May brings another Free Comics Book Day, and another FCBD issue of The Tick. This one has a few stories in it, with the main story written by me with art by Ian Nichols (Duane drew the cover). This story takes a plot from Ben Edlund, which is both exciting and really intimidating for me. Think of it as Conan meets The Tick, I guess.
Have we all gotten our Tick Funko Pop figures yet? Is there any license that Funko doesn't yet have? (Weird Al Pops coming later this year.) This new figure is the "regular" version of the limited, glow-in-the-dark Tick Pop that came out for last year's Comic-Con. Still no word on when Arthur, etc., will be out.
I managed to find a copy of San Diego Comic-Con Comics #3 recently. This four-issue series ran in the early-to-mid '90s as an exclusive comic co-produced by Comic-Con and Dark Horse Comics. The Tick has a brief cameo in this issue! There's also a RoboCop with a toaster for a head.
Lastly, I got a package in the mail a few weeks ago from Duane, and inside resided some original art - the cover to the Tick 2016 FCBD special! This might be my favorite piece of work from Duane's and my run on the book, so it was pretty exciting to find this waiting for me.
The 2016 issue featured Ticks from all over the Tick-verse (that's what we're calling it), many of which were created just for the issue, but there were also appearances by all of the previously established Ticks, including the Tick clones from the "De-Evolution" storyline...
...Tina, Toy DeForce's Tick robot...
...Jeffrey Whitebread, the Golden Age Tick...
...and my personal favorite, Edlund's original Tick from the character's first NEC newsletter appearance!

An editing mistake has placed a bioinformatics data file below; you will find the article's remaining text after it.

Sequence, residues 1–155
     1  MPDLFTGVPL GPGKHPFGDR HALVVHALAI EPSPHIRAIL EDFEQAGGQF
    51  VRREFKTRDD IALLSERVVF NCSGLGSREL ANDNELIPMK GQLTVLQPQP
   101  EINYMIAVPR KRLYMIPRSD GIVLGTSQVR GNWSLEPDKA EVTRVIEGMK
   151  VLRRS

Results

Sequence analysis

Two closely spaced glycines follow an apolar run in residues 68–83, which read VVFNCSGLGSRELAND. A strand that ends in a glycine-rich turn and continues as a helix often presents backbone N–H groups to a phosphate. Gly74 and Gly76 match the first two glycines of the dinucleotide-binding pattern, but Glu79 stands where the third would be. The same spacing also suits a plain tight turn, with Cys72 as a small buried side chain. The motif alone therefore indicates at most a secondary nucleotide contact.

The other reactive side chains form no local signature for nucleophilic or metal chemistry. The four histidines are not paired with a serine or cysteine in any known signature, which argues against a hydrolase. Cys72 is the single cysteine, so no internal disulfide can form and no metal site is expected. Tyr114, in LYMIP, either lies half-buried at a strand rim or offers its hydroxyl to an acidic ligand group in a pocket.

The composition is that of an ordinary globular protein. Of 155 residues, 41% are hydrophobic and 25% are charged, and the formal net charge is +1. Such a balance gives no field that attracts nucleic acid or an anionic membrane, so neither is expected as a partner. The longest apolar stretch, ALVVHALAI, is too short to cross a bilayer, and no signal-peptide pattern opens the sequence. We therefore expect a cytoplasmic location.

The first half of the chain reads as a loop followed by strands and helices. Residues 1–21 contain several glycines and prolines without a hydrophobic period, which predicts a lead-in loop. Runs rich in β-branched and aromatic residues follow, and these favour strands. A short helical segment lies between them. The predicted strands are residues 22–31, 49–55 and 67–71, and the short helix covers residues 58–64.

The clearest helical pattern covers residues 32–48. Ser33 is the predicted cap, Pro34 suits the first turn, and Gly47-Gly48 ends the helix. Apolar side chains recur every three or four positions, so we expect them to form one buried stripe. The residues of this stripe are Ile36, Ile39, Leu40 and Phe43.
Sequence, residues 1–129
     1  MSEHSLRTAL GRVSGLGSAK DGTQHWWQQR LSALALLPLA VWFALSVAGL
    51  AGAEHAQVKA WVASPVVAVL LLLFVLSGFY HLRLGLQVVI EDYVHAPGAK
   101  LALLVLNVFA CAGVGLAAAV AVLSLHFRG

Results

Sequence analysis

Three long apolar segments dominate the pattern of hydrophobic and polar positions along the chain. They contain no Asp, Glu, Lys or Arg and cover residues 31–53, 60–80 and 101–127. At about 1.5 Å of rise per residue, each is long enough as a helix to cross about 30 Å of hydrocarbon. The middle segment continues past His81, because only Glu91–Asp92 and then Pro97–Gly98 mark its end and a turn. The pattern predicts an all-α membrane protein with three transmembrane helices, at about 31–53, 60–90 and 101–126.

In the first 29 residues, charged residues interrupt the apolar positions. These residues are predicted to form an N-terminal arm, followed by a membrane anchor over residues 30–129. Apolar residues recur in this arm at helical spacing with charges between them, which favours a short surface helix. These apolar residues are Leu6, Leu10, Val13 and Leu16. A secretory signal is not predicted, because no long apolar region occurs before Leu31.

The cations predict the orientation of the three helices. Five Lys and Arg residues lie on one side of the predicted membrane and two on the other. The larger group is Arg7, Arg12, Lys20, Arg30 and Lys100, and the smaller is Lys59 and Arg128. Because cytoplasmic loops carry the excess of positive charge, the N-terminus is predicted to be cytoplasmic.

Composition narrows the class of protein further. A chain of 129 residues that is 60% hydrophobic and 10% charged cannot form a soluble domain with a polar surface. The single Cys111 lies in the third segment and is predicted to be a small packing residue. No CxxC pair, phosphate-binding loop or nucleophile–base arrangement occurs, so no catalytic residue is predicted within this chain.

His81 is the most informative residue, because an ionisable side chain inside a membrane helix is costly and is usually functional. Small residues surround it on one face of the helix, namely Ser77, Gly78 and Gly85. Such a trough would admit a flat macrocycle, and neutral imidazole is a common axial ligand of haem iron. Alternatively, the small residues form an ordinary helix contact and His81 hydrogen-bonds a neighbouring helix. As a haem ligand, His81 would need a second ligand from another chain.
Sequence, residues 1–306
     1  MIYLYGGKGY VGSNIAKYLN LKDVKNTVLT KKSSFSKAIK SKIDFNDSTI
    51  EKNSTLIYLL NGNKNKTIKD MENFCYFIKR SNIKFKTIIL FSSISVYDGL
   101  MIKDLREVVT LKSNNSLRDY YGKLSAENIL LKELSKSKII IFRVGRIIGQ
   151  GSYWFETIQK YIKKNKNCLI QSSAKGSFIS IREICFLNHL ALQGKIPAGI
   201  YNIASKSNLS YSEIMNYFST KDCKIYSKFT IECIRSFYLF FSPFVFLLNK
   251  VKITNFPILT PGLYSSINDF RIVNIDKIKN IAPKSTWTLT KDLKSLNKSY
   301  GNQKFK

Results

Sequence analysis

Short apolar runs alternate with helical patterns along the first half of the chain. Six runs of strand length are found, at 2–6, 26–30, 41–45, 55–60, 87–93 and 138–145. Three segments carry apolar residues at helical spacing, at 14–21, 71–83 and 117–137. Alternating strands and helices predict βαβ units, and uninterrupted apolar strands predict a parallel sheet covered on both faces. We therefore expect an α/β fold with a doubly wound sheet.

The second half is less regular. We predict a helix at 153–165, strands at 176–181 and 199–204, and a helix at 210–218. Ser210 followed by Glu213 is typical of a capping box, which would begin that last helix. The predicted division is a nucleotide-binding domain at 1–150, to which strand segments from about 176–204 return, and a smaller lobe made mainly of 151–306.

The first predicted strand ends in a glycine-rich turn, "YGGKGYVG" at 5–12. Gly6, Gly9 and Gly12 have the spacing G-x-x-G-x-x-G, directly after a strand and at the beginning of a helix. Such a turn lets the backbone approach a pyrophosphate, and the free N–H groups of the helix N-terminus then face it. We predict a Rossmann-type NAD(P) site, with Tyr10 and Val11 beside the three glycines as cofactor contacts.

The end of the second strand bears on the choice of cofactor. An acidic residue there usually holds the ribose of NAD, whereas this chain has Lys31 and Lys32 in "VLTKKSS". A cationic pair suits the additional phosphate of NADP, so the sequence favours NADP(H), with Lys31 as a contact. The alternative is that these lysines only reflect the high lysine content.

Let's keep our fingers crossed for the rest of 2018. There are a few more things on the horizon.
In 1940, more than a year before the United States officially entered World War II, Jerry Siegel and Joe Shuster created a two-page Superman story for Look Magazine, titled "How Superman Would End the War". I had seen reproductions of the story a few times before, and it always fascinated me with how bold it was for the time it was published. I never thought I'd get a chance to even see the original magazine, let alone own a copy, but a few weeks ago, I somehow managed to purchase the issue in question from February 27, 1940.
The issue is oversized by today's standards, probably one and a half times larger than modern magazines. The copy I got is in pretty good shape, minus some stress to the spine. The colors on the cover are still bright and stark, in line with the photo coloring done in that time. The cover features Hollywood star Rita Hayworth shaking...maracas? Well, okay. In the top left, under the logo, Superman gets a blurb.
The "What it Means to be Neutral" article featured so prominently on the cover is a bunch of claptrap about why the US should leave Europe to its own devices and how the First World War didn't accomplish anything good, and I guess is a product of its time. The inclusion of a Superman comic that takes much the opposite stance makes it stand out all the more in a magazine that is mostly filled with puff pieces and large photo spreads.